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Francis, The Recovering Catholic.

I am a Buddhist. So what? Who are you to judge?



The Most Astonishing Hypocrite In Church History (TMAHICH) travel to Asia and lands in Sri Lanka.

He is supposed to meet his bishops, but he is too tired. The meeting is cancelled.

Then Francis, ahem, recovers and feels better. Does he meet the bishops then? Not to my knowledge, no. Give me a shout if I have missed it. Was he still too tired for them? Who knows.

Francis might in the have been advised to meet his bishop, because you can't always flake lim it's a Beethoven concert at the Vatican. He is, though, enough full of energy to visit a Buddhist temple, and to take part, in some way, in some heathenish religious ceremony. It is, as I write, still unclear to what extent an element of heathen worship was entailed in the Pope's behaviour. Still, there he was. No fatigue there. Must have been the cameras.

But wait: perhaps the visit was scheduled? No, it was not scheduled. It was spontaneous and officially unplanned. Exactly the contrary of the meeting with the bishops, which was actually planned, and pretty much expected.

The way you employ your time says a lot about your priorities.

To me, the way Francis employs his time says an awful lot about what kind of Christian (much less Catholic) he is. He is going around playing Recovering Catholic, and profiting of the prestige of his position to downplay at every turn the very religion he represents. I wonder how many Catholics still understand that outside of the Church there is no salvation, and how many think Dalai Lama-ing around is in any way, shape or form Christian behaviour.

Should resign, move his black shoes to the next Buddhist temple and stay there for as long as the Lord allows him to remain. In true poverty and humility, of course.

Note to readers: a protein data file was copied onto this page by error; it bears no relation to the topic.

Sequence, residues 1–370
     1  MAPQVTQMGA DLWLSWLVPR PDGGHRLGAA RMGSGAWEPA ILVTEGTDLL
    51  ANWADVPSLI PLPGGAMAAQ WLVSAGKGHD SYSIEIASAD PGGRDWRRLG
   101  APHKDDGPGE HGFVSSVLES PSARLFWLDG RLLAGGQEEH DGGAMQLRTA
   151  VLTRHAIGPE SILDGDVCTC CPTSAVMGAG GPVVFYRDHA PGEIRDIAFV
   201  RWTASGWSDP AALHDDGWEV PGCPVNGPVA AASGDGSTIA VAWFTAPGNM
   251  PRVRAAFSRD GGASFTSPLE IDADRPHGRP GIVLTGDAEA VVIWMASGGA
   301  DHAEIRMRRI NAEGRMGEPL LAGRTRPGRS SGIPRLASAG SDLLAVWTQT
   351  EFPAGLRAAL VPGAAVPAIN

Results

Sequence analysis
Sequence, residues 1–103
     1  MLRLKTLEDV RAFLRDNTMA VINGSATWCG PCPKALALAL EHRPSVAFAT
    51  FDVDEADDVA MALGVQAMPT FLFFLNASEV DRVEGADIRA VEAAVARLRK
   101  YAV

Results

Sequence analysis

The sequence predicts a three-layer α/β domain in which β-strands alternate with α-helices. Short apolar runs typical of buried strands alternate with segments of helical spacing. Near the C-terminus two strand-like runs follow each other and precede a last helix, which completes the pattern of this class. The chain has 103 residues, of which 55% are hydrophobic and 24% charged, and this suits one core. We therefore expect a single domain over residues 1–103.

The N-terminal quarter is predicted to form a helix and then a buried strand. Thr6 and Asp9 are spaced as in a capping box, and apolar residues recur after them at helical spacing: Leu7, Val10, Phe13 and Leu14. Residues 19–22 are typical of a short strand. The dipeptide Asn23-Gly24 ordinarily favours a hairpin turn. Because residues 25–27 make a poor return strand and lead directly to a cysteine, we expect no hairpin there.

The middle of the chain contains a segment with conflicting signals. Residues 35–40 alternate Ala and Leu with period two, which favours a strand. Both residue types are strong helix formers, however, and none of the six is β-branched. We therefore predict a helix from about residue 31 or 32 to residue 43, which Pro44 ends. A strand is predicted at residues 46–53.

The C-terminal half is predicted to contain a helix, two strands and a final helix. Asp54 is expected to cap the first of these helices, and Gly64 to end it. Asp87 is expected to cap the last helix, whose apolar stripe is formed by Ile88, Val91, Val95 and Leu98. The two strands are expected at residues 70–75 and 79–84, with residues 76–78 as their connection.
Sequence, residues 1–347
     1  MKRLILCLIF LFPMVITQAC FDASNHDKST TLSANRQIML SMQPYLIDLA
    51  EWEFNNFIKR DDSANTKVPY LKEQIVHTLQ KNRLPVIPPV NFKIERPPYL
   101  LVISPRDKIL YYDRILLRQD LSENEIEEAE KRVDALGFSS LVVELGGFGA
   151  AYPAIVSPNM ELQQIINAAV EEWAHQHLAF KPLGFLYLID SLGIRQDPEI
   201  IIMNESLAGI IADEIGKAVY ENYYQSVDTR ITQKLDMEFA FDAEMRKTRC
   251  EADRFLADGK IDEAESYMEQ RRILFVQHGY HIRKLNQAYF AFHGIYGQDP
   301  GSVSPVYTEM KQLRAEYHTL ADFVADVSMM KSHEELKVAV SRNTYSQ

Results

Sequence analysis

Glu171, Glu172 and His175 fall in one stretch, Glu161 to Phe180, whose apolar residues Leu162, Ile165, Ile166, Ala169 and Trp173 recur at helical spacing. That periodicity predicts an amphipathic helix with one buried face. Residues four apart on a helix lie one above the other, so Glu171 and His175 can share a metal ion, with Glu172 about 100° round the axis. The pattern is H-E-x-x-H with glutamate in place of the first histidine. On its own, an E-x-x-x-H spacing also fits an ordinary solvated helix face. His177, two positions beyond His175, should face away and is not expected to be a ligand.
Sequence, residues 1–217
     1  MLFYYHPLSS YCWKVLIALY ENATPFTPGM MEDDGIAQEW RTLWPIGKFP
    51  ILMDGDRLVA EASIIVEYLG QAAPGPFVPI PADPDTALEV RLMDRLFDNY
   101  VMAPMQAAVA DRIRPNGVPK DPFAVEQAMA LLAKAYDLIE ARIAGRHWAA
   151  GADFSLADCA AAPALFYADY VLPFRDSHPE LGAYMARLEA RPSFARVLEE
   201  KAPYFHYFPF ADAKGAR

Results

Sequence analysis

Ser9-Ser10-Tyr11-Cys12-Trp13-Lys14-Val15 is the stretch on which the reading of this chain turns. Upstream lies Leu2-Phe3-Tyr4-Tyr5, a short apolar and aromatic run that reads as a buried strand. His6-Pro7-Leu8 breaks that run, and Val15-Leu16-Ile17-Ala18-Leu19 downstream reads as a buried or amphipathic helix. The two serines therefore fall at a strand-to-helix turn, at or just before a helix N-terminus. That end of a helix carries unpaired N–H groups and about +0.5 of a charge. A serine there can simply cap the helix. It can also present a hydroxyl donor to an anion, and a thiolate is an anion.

It would be still stupid, and still de facto apostasy. But in its stupidity and de facto apostasy it would at least be coherent.

M

 

 

The Erroneous Belief in Reincarnation, Part III

No Suttee with Him.

We have examined in the past two posts (here and here) the most common ways to understand reincarnation and their fundamental incompatibility with the existence and work of Christ. Let us now conclude by examining the utter failure of such new age “Christianity-cum-reincarnation” perspectives from a more practical point of view.

In order to do so, one must decide whether Indians are a people intrinsically or even genetically prone to violence and cruelty, or not. If one decides that they are, one subscribes to a racist vision of the world which is the contrary of what modern followers of reincarnation tend to (at least consciously) believe. If one doesn’t, he has a problem.

It is in fact clear from the most superficial exam of the Indian society that a high level of cruelty and ruthlessness, unknown to Christian societies, has dominated its social structures for a long time. The suttee, the habit of burning the widow at or around the death of her husband, is in my eyes a clear evidence of the consequences of reincarnation. I am not interested here in the details of the practice (how consistent it was with Hindu spirituality; whether it was more often voluntary or forced; whether it was common or rare, etc.); rather with the fact that such practices never existed in the Christian culture. And really, whilst one does not necessarily need to believe in reincarnation to commit suicide or being killed (a lot of atheists commit suicide or kill even by us), it is difficult to imagine that such practices would have been even imagined without a belief in reincarnation spread through the veins of the Indian society. The problem here is not whether Suttee is compatible with Hindu spirituality, but whether it is compatible with the belief in reincarnation…..